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Instagram Laid Bare Off-Broadway

Scenic designer Donyale Werle and projection designer William Cusick explain how their work came to life.

"Social media isn't a fad," says scenic designer Donyale Werle. "It's our lives."

With that mantra in mind, the Tony Award winner began work on her newest project, the off-Broadway revival of Bare, now running at New World Stages. Her set employs 15,006 four-by-four photographs which were donated to the production by friends, family, and public feeds via the photo sharing site Instagram.

"[Director] Stafford Arima and I are intrigued by the way teenagers – and all of us – communicate," Werle continues. "We're all on Facebook and Twitter. People put their lives online, and the social experiment [we created] was to see what they were comfortable with [sharing]. Using a piece of somebody's life in a show is a big statement."

The idea to decorate a set with a plethora of photographs (5,786 in total, which were then duplicated to reach 15,006), she notes, "came from looking at the way teenagers decorate and express themselves." While the photos aren't arranged on the set in any particular order, Werle considers her design to be "extremely structured," with the four-by-four squares lined up one after another, row after row, covering nearly everything but the stage floor.

Werle's set is inspired by the stained glass imagery seen in houses of worship, as well as the work of English artist Damien Hirst (specifically, his massive triptych "Doorway to the Kingdom of Heaven" and the wall of pills called "Lullaby, the Seasons"). "It's all about color and light and squares," she says of the similarity between religious imagery and the way Instagram photos appear both on the actors' smart phones and on the set. "They reminded us of the [metaphoric] boxes that we put ourselves in, and the boxes we put others in; the way we label things and people, and ourselves. You look at the 10 or 12 years [since the show originated] and the social labeling is just so much worse [today], at least publicly."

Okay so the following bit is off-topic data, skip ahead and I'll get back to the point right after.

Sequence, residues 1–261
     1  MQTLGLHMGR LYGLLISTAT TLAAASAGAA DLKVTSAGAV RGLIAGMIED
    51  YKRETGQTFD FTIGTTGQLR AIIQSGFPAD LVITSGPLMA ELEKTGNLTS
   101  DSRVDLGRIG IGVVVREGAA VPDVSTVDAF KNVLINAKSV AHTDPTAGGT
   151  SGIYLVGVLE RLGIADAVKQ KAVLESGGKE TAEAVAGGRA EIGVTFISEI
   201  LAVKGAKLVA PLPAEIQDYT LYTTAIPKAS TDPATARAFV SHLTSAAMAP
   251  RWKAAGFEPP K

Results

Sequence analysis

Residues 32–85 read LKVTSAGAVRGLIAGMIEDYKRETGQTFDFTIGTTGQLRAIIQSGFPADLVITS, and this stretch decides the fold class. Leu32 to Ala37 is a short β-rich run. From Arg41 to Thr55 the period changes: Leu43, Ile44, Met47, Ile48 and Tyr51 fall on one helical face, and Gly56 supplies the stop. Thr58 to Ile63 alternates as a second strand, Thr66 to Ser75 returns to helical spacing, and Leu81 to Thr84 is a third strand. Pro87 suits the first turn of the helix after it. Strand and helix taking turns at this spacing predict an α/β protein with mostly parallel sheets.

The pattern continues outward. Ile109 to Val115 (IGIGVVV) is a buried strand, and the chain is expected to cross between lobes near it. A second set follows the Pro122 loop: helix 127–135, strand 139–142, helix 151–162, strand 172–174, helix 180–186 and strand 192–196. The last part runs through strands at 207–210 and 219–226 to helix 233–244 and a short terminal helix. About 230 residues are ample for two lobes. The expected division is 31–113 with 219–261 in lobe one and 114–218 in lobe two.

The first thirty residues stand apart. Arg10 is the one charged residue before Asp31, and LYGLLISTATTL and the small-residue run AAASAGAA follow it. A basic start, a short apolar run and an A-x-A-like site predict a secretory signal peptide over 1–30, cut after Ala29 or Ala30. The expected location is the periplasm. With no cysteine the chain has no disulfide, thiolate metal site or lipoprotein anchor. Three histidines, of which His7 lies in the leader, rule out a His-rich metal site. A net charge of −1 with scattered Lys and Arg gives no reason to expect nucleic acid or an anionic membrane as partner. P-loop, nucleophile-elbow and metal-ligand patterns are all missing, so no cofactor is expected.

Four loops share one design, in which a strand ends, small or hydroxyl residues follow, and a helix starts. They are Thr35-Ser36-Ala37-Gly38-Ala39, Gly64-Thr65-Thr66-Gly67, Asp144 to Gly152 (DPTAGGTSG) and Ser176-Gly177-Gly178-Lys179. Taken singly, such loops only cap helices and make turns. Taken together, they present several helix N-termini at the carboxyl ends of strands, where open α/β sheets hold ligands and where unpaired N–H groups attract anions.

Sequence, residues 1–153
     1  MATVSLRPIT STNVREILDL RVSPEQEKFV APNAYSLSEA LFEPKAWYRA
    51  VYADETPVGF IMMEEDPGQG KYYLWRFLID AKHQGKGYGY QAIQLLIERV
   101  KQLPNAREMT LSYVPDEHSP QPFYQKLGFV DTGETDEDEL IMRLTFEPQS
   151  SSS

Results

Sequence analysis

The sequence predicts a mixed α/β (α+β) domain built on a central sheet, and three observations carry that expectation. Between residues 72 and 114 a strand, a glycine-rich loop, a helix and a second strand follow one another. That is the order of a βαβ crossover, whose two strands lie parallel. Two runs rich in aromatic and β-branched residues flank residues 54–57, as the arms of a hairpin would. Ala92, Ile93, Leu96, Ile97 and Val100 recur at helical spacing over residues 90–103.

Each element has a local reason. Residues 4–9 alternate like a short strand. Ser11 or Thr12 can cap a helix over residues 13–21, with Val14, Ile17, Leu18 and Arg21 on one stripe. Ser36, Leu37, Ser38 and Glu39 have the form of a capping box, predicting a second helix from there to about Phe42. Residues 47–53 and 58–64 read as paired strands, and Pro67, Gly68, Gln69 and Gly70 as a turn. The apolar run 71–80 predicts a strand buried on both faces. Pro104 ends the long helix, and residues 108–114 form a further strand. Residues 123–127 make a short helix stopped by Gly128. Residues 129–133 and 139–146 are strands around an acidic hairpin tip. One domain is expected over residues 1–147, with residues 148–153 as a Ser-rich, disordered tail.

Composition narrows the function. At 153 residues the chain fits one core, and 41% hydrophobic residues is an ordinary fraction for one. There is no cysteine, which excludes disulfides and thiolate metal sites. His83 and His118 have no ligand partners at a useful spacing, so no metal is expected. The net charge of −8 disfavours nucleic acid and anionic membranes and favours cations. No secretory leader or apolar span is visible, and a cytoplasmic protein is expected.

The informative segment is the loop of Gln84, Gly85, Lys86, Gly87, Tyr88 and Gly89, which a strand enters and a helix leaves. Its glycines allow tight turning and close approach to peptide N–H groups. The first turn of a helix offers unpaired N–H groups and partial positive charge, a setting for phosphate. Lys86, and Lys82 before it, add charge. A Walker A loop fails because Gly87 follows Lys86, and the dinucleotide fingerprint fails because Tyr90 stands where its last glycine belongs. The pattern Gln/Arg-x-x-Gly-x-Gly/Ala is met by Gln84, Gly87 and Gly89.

For a show that is set within the confines of a Catholic school where two young men have fallen in love (and are subsequently outed by a smart phone photo), this experiment seems to be an ideal plan. "Naturally, students [in 2012] would use Instagram," adds projection designer William Cusick, who not only uses pre-taped projections, but live feeds from on-stage cell phones that allow audience members to see the photos that are taken in real time.

"I don't think there are any rules," Werle concludes when asked if this methodology is the future of scenic design. "This was an interesting experiment with social media that had a lot to do with our show, conceptually and dramaturgically." (Indeed, the show's script calls for photos of the cast to be projected on stage throughout.) "It was a fascinating interweaving, as technology is a huge part of our lives," she says. "People want that social component." While Cusick admits that every show has different needs, he sees Bare as great progress in the design world. "We speak and read in images now in a way that, fifty years ago, wasn't necessary for theater. For a show like this, about images of self and identity, it is absolutely necessary."

While social media's convergence on the world of theater isn't new (almost all shows now use Facebook, Twitter, and even Instagram in their marketing campaigns), Bare, which has gone one step further and incorporated it into the production itself, has broken new ground in a rapidly expanding field.